The cold weather kitchen has a stronger focus on comfort food than the rest of the year. Suddenly the focus is on warmth, ease of preparation, and seasonal ingredients that only appear as winter approaches. Get inspired by these cold weather must-haves and build the winter kitchen of your dreams...
Slow cookers are total lifesavers during the cold winter months, there’s something especially comforting about coming home to a hot meal after a long day when it’s dark out by 5 p.m.. The sky’s the limit when it comes to what can be cooked in a slow cooker; stews, soups, chilies, slow braised meats, and classic recipes like chicken and dumplings are all well-suited for slow cooker treatment. Your slow cooker can also be used to make hot breakfasts such as steel-cut oats, grits, and congee to make chilly winter mornings slightly more tolerable.
Classic soup recipe
Having a classic soup recipe or two in your recipe arsenal is always a good idea when it gets colder out. Whether it’s chicken noodle, beef and barley, tomato or even a simple miso soup, these favourites can add warmth and comfort to even the darkest winter days. Make a big batch of soup and freeze individual portions to bring to work or to defrost in the microwave after a long day.
Fresh ginger root is a versatile ingredient that will add a warming flavour to any recipe. Make ginger simple syrup to add to teas and cocktails by dissolving equal parts white sugar and water with an inch or two of thinly sliced ginger, allowing the ginger to steep for 10 to 15 minutes before removing. Grate fresh ginger into baked goods such as muffins and quick breads, or add it to savoury stir-fries and marinades. Jazz up your morning routine and add finely chop candied ginger to oatmeal and granola parfaits or as part of a topping for apple and pear crisps.
Roasted root vegetables
Winter is the best time of year to find locally grown root vegetables such as heirloom carrots, parsnips, turnips, rutabaga, potatoes, onions, and beets and roasting them in a hot oven gives them a memorable flavour. Make roasted root vegetables into an easy sheet pan dinner by drizzling them with olive oil, tossing with salt and pepper (and any other seasoning you like) before roasting for 45 minutes to an hour. Add halloumi, fresh chevre or crumbled feta cheese during the last 10 minutes and serve with a generous handful of fresh herbs.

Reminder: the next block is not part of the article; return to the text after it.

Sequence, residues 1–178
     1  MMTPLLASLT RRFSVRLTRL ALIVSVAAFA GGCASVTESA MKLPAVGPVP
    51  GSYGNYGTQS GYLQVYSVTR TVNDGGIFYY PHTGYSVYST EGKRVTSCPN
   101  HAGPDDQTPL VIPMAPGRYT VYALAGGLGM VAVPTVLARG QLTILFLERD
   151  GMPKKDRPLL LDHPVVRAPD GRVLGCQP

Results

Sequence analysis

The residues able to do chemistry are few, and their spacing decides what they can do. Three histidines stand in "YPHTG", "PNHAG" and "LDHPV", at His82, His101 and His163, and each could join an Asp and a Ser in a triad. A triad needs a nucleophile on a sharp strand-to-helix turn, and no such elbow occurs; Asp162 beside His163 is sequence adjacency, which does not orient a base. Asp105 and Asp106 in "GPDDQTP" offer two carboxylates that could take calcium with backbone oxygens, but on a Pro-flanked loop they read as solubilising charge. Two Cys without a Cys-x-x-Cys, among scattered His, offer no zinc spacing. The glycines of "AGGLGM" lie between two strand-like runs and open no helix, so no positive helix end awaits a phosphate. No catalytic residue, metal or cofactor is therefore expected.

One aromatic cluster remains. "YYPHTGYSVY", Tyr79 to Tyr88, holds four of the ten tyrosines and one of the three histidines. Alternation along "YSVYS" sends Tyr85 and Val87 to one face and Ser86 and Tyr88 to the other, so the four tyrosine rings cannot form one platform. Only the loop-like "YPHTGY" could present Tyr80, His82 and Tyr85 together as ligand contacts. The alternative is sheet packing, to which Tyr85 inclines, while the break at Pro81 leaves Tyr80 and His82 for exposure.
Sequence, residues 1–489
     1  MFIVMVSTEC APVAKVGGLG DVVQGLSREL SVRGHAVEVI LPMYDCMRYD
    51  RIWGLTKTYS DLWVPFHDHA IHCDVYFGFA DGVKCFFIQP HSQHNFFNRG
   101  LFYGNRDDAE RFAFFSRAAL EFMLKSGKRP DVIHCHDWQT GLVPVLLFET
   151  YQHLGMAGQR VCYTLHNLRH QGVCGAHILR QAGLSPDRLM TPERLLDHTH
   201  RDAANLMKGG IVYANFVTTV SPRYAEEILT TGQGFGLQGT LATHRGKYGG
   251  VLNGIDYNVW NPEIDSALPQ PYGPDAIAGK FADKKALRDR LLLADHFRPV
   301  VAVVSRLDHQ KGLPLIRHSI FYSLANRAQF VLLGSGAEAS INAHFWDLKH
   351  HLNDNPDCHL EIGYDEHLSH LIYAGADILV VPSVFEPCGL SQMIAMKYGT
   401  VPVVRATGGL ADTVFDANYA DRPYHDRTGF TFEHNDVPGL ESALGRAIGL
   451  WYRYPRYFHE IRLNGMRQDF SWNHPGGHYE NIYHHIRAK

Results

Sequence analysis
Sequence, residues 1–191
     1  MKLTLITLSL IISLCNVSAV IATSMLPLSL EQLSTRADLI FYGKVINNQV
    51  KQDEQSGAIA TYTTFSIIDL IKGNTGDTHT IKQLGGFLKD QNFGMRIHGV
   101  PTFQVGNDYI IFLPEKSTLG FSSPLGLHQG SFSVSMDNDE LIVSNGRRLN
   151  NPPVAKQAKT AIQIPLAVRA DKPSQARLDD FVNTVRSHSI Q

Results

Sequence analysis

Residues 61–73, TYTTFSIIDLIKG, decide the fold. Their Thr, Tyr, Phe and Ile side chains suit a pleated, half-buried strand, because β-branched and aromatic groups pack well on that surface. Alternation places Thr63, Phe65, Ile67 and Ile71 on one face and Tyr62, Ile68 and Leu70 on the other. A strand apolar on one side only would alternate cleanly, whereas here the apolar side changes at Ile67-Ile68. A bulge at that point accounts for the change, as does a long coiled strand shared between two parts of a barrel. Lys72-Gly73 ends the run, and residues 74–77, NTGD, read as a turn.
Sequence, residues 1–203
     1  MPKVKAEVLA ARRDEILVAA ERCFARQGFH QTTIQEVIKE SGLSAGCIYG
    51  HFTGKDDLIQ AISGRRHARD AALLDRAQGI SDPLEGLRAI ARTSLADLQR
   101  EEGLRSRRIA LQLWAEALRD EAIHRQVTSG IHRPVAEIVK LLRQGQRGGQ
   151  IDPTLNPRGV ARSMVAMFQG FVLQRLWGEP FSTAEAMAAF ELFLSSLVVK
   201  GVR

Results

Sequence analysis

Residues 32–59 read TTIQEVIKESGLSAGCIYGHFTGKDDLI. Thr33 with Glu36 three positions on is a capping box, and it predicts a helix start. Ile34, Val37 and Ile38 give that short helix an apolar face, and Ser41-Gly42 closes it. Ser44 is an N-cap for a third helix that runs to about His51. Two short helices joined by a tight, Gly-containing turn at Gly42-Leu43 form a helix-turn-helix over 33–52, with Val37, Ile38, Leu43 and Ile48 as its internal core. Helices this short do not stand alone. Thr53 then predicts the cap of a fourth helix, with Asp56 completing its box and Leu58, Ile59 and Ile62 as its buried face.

Tea or tisane
A hot cup of tea on a cold day can instantly lift anyone’s spirits, whether you prefer Earl Grey, green tea, English breakfast or white tea. Herbal and fruit teas full under the heading of a tisane, which are just as much of a pick-me-up in the winter time. Experiment with the addition of fresh herbs and other flavourings such as peppermint, juniper berries, pomegranate seeds, and citrus. For extra-cold nights add a shot of bourbon, rye whisky or dark rum and a dollop of honey for a hot treat with a kick.
Mandarin oranges and clementines
It turns out the mandarin versus clementine debate is a hot-button issue in Canada and that your preference will largely depend on whether you’re from Eastern or Western Canada. Either way, November usually signals a return of at least one of these little oranges. Clementines and mandarins are packed with vitamin C and are perfectly snack-sized and easy to peel, so tuck a couple into your bag for hungry emergencies. The peels of mandarins and clementines can also be used to make delicate candied citrus peels for special occasions or simple homemade gifts.
Pomegranates usually appear in Canadian grocery stores at the end of October or beginning of December, their jewel-like berries adding a gorgeous shade of ruby red to salads, parfaits and grain pilafs. Pomegranates are an excellent source of vitamin K and make a great on-the-go snack if they’ve been separated from their thick white and red skin. To easily break a pomegranate apart with very little mess fill up a large salad bowl with water and pull the fruit apart while it’s completely underwater and then spread the drained fruit out on a paper towel or clean cloth towel to dry before using.
Dutch oven or casserole dish
A good Dutch oven or casserole dish can last a lifetime if treated properly and they’re indispensable for browning, braising and broiling once the temperature dips. Chicken thighs, short ribs, pot roasts, and pork shoulders become umami-filled culinary masterpieces when cooked in a Dutch oven and are perfect for recipes that require long roasting times over low heat.